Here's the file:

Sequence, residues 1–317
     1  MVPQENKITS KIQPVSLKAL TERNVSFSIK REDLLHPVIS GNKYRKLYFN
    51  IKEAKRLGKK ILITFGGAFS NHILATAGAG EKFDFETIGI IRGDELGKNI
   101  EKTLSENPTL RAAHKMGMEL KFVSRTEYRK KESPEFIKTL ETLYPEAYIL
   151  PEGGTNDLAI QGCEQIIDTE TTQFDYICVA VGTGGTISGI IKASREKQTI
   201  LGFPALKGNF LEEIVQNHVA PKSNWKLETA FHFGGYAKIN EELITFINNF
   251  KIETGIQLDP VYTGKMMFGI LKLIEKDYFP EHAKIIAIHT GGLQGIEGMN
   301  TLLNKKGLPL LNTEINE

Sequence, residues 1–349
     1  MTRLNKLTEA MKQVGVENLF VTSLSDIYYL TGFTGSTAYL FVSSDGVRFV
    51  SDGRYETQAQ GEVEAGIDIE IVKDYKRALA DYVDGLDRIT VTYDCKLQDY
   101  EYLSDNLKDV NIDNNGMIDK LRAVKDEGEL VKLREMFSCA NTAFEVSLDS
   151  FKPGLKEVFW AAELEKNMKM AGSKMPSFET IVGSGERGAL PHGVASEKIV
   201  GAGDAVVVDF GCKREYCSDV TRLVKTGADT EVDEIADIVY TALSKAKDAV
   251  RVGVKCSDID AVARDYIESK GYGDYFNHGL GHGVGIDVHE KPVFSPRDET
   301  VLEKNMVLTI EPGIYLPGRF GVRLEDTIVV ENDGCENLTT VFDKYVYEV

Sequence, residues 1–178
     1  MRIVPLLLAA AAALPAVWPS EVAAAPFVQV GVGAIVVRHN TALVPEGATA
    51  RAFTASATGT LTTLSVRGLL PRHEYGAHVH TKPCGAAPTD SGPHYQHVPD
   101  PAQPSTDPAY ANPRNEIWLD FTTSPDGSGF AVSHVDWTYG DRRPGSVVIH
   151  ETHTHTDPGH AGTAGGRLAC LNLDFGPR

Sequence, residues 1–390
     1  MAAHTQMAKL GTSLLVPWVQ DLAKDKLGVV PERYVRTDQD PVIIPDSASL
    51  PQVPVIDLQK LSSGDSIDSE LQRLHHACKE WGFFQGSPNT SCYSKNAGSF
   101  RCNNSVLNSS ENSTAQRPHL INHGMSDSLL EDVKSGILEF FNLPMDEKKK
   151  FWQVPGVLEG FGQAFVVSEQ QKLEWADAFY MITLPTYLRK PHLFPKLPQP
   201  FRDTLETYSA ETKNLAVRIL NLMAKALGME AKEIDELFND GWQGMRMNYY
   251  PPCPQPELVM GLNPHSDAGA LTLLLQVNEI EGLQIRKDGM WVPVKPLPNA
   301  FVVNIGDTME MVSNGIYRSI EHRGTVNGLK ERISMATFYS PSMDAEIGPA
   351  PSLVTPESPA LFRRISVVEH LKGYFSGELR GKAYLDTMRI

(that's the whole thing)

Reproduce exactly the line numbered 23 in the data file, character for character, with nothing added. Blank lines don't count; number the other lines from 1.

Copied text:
     1  MAAHTQMAKL GTSLLVPWVQ DLAKDKLGVV PERYVRTDQD PVIIPDSASL